Experts Do Not See US Military Response to N. Korean Nuclear Test

The U.S. military had little reaction to Monday's North Korean claim that it had conducted a nuclear test. But one senior official said it does not change existing contingency plans, and a Washington-based analyst says the main U.S. response will not be military.

The Secretary of the Army, Francis Harvey, told reporters Monday he wishes North Korea had not conducted the apparent nuclear test. But he said the move does not change anything for U.S. ground forces.

"It doesn't change the existing plans," said Secretary Harvey. "We have detailed plans. I don't think it changes the conventional deterrent, as far as the detailed plans go. We can't discuss war plans, but we have, as you can imagine, we have war plans for every contingency you can imagine. But, it's certainly a development that we wish wouldn't have happened, for sure."

Other senior defense officials declined to comment on the North Korean explosion. The commander of U.S. forces in Korea made a speech in Washington on Monday, but he did not mention the test, and he avoided reporters afterwards.

In the speech, General B.B. Bell did make a timely statement about the determination of U.S. forces to address all the threats they face around the world.

"There's no backing down here for GI Joe [the American soldier]," said General Bell. "The stakes are too great, the consequences of failure too catastrophic."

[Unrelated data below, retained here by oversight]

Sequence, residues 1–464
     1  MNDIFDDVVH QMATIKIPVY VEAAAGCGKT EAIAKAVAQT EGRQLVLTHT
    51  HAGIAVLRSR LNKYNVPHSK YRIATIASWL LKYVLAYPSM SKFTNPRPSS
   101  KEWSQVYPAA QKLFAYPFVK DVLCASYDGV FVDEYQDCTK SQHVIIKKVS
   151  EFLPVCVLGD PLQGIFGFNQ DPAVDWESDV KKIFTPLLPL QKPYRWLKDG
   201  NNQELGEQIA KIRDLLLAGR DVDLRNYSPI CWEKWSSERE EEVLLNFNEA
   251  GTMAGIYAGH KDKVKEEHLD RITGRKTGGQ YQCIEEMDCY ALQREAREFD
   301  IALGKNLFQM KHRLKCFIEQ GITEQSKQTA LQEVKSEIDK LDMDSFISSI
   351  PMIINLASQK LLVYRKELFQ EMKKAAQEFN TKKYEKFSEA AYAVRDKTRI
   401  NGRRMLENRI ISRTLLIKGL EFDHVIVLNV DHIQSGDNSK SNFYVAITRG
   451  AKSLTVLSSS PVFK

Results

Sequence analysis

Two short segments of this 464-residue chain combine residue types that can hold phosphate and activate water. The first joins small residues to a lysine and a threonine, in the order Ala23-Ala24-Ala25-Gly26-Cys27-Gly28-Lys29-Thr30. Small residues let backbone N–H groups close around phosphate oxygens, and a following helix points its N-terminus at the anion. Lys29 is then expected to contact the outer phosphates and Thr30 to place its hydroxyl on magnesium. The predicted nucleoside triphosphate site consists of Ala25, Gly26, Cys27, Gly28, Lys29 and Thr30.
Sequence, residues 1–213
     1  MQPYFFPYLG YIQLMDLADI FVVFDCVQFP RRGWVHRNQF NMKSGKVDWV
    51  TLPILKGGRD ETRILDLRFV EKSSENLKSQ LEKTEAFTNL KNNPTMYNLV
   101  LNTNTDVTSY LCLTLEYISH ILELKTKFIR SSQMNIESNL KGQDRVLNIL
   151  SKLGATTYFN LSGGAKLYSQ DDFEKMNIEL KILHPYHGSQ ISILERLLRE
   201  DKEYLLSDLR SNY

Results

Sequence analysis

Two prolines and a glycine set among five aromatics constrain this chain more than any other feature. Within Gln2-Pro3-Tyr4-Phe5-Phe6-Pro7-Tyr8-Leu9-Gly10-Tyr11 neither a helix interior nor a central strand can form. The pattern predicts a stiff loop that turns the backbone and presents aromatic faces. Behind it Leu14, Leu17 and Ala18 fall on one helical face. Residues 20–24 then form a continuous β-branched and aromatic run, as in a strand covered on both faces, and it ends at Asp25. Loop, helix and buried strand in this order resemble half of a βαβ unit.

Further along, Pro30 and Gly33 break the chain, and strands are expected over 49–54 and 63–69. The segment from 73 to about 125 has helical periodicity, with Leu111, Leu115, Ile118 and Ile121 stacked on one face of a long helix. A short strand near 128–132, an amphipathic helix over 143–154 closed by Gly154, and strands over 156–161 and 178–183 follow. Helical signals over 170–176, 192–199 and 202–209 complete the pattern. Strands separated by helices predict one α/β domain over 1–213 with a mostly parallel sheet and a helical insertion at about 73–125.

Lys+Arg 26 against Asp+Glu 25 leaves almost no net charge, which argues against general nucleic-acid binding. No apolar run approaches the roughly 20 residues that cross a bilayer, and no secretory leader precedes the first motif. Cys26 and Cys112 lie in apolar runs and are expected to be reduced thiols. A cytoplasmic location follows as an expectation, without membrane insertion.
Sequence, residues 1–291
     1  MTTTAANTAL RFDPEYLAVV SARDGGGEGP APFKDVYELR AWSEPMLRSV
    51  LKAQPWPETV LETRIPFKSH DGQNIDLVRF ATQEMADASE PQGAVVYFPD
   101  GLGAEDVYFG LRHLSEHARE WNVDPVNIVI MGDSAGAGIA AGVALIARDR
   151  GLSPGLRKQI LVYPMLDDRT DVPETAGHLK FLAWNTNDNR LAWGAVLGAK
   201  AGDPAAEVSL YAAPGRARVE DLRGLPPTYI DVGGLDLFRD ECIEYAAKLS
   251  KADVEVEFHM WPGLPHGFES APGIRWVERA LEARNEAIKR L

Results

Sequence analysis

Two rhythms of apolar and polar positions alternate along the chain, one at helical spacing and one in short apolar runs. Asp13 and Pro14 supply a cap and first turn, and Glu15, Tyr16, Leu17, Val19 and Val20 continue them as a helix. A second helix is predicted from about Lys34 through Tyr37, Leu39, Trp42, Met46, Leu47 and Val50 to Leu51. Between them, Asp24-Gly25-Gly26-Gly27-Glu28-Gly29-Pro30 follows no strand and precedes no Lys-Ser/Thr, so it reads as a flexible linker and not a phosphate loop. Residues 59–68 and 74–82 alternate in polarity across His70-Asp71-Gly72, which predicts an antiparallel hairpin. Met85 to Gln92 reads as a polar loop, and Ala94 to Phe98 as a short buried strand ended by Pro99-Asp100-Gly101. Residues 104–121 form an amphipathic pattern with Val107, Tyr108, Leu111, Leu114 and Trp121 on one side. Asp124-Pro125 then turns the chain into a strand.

In the past, U.S. officials, including Defense Secretary Donald Rumsfeld, have expressed concern about the possibility that North Korea could become a nuclear power. But officials and experts also point out that there is a difference between being able to create a nuclear explosion, and being able to put a nuclear weapon on a missile that could deliver it, accurately, to a target.

Many U.S. experts believe North Korea is at least a year away from being able to do that, perhaps much more. But last year, the head of the Defense Intelligence Agency told the congress he believed North Korea already had the ability to launch a nuclear armed missile at that time. That was a year before North Korea's series of missile tests in July.

Analyst Michael O'Hanlon, of Brookings Institution, says the North Korean explosion Monday creates more of a diplomatic opening for the United States than a military one.